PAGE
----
WWF Italia tags urban ’hot spots’ with ESA’s UrbEx

WWF Italia is monitoring the urbanization of the Italian coast to catch overdeveloped “hot spots”, courtesy of an ESA programme to develop new applications-driven services with space data.

WWF Italia has been working with ESA as part of the Agency’s Urban Expansion (UrbEx) project to provide a novel information service that monitors the loss of natural areas from urban development. The project’s objective was to demonstrate the capability to monitor urban growth using Earth observation information. In addition, the goal included the development of an imagery database and analytical tools to assess the growth of urbanization and its impact on natural resources.

Under the ESA sponsorship, the Italian technology company, Advanced Computer Systems (ACS), developed the sophisticated mapping service for WWF Italia that allows the environmental watchdog organisation to identify areas that may have been over-developed or subject to other types of environmental stress – the so-called ’hot spots’.

Once the service identified a potential trouble WWF then can verify the exact nature of the problem and, as needed, launch a campaign, an official with the environmental agency said.

“We are interested in monitoring coastal areas and looking for such things as illegal construction, new roads, expansion of ports and tourist facilities, degradation of natural vegetation regions like wetlands and dunes, and water pollution from civil and industrial sewage,” explained Andrea Masullo, energy, climate and waste officer for WWF-Italia. “We want to identify hot spots and investigate before it’’s too late to do anything about the environmental impact.”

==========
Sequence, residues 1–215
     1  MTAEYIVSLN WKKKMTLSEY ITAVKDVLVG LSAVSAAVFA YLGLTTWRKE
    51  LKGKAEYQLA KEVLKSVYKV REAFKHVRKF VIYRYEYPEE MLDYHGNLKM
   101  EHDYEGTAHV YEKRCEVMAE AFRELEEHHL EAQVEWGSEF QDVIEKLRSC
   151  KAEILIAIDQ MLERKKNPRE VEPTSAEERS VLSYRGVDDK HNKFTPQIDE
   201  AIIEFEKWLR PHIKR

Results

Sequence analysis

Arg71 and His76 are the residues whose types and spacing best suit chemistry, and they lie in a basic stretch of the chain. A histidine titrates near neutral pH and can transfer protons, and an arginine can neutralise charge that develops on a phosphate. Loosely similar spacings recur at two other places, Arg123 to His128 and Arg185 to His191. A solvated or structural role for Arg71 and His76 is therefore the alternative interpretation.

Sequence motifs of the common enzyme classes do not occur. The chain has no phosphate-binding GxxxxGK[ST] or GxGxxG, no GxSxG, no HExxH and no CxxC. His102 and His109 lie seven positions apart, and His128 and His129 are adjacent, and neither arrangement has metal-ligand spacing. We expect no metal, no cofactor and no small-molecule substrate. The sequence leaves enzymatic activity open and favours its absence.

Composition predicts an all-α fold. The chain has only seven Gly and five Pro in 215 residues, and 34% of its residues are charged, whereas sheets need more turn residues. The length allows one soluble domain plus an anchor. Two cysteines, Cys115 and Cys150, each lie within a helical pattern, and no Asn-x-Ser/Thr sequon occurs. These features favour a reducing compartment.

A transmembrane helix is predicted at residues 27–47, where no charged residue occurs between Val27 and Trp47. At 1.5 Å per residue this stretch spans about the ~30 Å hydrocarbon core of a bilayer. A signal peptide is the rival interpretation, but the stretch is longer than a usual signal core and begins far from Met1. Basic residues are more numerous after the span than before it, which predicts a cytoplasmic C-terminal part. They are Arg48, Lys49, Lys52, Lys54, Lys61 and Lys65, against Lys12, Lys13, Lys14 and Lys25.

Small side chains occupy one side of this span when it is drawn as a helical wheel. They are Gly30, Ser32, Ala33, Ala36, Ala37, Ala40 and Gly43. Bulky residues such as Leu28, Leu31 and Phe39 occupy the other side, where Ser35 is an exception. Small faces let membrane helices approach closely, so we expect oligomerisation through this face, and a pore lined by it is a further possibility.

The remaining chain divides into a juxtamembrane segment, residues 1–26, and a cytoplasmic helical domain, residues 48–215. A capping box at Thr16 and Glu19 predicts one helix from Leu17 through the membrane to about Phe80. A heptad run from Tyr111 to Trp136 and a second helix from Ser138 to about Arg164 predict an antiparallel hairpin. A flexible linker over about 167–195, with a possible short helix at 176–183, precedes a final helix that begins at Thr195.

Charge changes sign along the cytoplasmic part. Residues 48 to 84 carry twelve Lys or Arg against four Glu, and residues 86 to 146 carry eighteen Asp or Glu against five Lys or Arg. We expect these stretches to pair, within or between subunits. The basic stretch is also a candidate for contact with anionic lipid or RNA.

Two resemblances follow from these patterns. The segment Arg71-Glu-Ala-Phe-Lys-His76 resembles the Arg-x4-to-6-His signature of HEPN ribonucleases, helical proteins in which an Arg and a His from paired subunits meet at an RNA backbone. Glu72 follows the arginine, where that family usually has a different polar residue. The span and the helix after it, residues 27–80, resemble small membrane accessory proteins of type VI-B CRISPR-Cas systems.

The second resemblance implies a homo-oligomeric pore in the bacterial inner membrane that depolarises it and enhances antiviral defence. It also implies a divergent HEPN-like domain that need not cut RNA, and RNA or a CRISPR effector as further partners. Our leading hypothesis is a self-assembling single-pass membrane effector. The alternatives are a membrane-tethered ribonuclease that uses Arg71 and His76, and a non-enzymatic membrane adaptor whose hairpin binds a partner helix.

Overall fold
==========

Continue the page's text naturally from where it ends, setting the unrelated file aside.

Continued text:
The Web-based service permits WWF Italia access to maps that provide different types of land-use analyses and cover different geographical areas, depending on the specific issues of concern. Designed by ESA and ACS after an in-depth process of evaluation and assessment of the user’’s requirements, the service covers an area of 200 000 sq km, or about two-third’’s of Italy’’s total land area.

The prime application is to identify potential at-risk coastline areas for additional WWF attention. Changes in land use are highlighted on maps derived from analyses of satellite imagery from ESA and other satellites acquired in 1994-95, and comparing those with images acquired more recently.

ACS is currently preparing a market analysis and targeting other potential users for the UrbEx service, according to Ferdinando Iavarone, ACS’’ UrbEx project manager.

“ACS is working on the possibility to offer the service commercially,” Iavarone said.

The ACS official said that other potential users for an UrbEx-type service include:

– organisations similar to WWF interested in the preservation of natural landscapes
– governmental bodies at local, national and European levels
– statistical agencies handling agricultural/urban census data
– mobile communications companies for antenna locations and bandwidth studies
– commercial mapping companies.

The UrbEx project is part of ESA’s Data User Programme aimed at finding innovative, operational applications of Earth observation data to solve environmental and other problems.

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